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Conference Paper: Real-time imaging of cellular dynamics during low-intensity pulsed ultrasound exposure

TitleReal-time imaging of cellular dynamics during low-intensity pulsed ultrasound exposure
Authors
Issue Date2013
PublisherISTU2013.
Citation
The 13th International Symposium on Therapeutic Ultrasound (ISTU 2013), Shanghai, China, 12-16 May 2013. In 13th ISTU Final Programme, 2013, p. 89 How to Cite?
AbstractOBJECTIVE: Although the therapeutic potential of low-intensity pulsed ultrasound is unquestionable, the wave-matter interactions involved in the process remain to be vaguely characterized. Here we seek to undertake a series of in-situ cellular imaging studies that aim to analyze the mechanical impact of low-intensity pulsed ultrasound on attached fibroblasts from three different aspects: membrane, cytoskeleton, and nucleus. METHODS: Our experimental platform comprised an in-house ultrasound exposure hardware that was coupled to a confocal microscopy system. The waveguided ultrasound beam was geometrically aligned to the microscope’s fieldof-view that corresponds to the center of a polystyrene dish containing fibroblasts. Short ultrasound pulses (5 cycles; 2 kHz PRF) with 0.8 MPa peak acoustic pressure (0.21 W/cm2 SPTA intensity) were delivered over a 10 min period. Live imaging was performed on both membrane (CellMask) and cytoskeleton (actin-GFP, tubulin-RFP) over the entire observation period (up to 30 min after end of exposure). Also, pre- and post-exposure fixed-cell imaging was conducted on the nucleus (Hoechst 33342) and two cytoskeleton components related to stress fibers: F-actin (phalloidin-FITC) and vincullin (Alexa Fluor 647 conjugated). To study whether mechanotransduction was responsible in mediating ultrasound-cell interactions, some experiments were conducted with the addition of gadolinium that blocks stretch-sensitive ion channels. RESULTS: Cell shrinkage was evident over the course of low-intensity pulsed ultrasound exposure. This was accompanied with contraction of actin and tubulin. Also, an increase in central stress fibers was observed at the end of exposure, while the nucleus was found to have decreased in size. Interestingly, after the exposure, a significant rebound in cell volume was observed over a 30 min. period. These effects were not observed in cases with gadolinium blockage of mechanosensitive ion channels. CONCLUSIONS: Our results suggest that low-intensity pulsed ultrasound would transiently induce remodeling of a cell’s membrane and cytoskeleton, and it will lead to repression of nucleus. This indicates that ultrasound after all represents a mechanical stress on cellular membrane. The post-exposure outgrowth phenomenon is also of practical relevance as it may be linked to the stimulatory effects that have been already observed in low-intensity pulsed ultrasound treatments.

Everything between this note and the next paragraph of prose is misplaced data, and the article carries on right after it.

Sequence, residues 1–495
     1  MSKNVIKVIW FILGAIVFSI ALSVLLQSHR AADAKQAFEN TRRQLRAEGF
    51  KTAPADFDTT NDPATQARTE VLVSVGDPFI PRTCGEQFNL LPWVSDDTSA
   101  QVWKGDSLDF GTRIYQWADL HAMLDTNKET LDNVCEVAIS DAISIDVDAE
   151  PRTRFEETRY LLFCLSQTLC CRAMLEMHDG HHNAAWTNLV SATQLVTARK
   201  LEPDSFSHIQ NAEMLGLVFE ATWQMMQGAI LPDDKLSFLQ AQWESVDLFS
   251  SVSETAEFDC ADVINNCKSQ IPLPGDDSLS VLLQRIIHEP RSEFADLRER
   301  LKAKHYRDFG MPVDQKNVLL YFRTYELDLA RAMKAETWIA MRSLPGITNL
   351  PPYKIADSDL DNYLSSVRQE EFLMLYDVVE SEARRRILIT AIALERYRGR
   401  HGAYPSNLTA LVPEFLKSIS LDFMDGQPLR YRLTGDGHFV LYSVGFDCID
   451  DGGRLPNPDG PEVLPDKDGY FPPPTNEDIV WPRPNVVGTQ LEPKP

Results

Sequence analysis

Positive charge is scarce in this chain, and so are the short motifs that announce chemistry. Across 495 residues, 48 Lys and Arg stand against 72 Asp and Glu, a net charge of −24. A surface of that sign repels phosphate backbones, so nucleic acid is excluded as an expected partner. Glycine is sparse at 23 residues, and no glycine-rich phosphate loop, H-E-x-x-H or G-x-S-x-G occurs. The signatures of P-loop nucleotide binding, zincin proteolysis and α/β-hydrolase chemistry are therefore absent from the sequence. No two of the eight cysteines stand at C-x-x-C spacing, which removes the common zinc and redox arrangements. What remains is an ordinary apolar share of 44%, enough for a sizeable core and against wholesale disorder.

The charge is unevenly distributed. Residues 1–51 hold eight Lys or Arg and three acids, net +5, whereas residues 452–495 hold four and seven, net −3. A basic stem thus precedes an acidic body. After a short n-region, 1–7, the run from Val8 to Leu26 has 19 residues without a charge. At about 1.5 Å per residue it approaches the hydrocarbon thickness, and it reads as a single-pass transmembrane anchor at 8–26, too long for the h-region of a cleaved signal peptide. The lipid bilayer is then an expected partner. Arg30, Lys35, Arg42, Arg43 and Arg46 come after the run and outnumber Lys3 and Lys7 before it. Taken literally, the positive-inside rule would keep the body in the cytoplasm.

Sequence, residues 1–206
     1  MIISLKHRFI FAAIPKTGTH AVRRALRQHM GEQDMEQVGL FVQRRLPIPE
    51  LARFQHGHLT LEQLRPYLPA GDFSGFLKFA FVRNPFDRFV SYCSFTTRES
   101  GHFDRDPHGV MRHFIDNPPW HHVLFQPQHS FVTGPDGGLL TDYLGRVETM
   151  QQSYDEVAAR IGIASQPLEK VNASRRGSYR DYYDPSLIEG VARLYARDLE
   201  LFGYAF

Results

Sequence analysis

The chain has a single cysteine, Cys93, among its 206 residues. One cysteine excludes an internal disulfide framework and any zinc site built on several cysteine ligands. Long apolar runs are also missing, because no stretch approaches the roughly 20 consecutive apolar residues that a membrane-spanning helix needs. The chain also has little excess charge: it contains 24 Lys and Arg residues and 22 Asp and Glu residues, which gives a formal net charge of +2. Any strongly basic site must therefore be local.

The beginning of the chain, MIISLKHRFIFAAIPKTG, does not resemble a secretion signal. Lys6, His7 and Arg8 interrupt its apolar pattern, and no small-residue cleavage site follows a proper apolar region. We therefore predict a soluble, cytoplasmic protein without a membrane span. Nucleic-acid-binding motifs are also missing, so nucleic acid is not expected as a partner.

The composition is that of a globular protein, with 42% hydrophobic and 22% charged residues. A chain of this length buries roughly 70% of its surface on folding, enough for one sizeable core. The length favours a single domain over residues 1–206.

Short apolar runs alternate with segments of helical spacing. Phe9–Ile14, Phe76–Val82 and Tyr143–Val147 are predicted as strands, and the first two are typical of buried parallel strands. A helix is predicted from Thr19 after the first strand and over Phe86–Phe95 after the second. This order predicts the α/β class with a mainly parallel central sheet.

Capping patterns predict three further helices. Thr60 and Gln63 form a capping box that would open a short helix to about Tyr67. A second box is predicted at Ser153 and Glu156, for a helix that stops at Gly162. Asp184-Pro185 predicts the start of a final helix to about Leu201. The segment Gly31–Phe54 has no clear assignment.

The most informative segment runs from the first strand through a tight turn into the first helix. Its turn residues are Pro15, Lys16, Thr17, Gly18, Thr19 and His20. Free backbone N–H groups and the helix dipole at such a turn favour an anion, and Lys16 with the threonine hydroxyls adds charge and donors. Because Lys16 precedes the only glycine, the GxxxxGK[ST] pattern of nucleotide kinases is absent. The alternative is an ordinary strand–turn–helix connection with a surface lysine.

DescriptionOral Session 5 - Bioeffects of therapeutic ultrasound
Control ID: 1671584
Persistent Identifierhttp://hdl.handle.net/10722/189835

 

DC FieldValueLanguage
dc.contributor.authorHu, Yen_US
dc.contributor.authorYu, ACHen_US
dc.contributor.authorWan, JMFen_US
dc.date.accessioned2013-09-17T15:00:47Z-
dc.date.available2013-09-17T15:00:47Z-
dc.date.issued2013en_US
dc.identifier.citationThe 13th International Symposium on Therapeutic Ultrasound (ISTU 2013), Shanghai, China, 12-16 May 2013. In 13th ISTU Final Programme, 2013, p. 89en_US